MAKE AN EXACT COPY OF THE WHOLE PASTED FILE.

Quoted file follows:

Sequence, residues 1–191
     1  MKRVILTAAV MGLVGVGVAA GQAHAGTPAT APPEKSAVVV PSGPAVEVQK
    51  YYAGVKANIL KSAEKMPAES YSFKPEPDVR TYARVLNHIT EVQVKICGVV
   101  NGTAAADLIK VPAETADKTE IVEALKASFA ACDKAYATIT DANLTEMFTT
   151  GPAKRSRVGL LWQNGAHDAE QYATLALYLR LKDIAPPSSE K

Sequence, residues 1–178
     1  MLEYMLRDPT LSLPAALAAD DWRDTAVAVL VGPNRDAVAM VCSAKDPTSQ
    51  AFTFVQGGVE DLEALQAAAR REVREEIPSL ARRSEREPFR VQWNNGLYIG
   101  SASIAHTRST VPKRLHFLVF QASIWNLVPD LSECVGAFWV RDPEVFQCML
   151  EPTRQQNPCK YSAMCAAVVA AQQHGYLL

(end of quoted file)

Sequence, residues 1–191
     1  MKRVILTAAV MGLVGVGVAA GQAHAGTPAT APPEKSAVVV PSGPAVEVQK
    51  YYAGVKANIL KSAEKMPAES YSFKPEPDVR TYARVLNHIT EVQVKICGVV
   101  NGTAAADLIK VPAETADKTE IVEALKASFA ACDKAYATIT DANLTEMFTT
   151  GPAKRSRVGL LWQNGAHDAE QYATLALYLR LKDIAPPSSE K

Sequence, residues 1–178
     1  MLEYMLRDPT LSLPAALAAD DWRDTAVAVL VGPNRDAVAM VCSAKDPTSQ
    51  AFTFVQGGVE DLEALQAAAR REVREEIPSL ARRSEREPFR VQWNNGLYIG
   101  SASIAHTRST VPKRLHFLVF QASIWNLVPD LSECVGAFWV RDPEVFQCML
   151  EPTRQQNPCK YSAMCAAVVA AQQHGYLL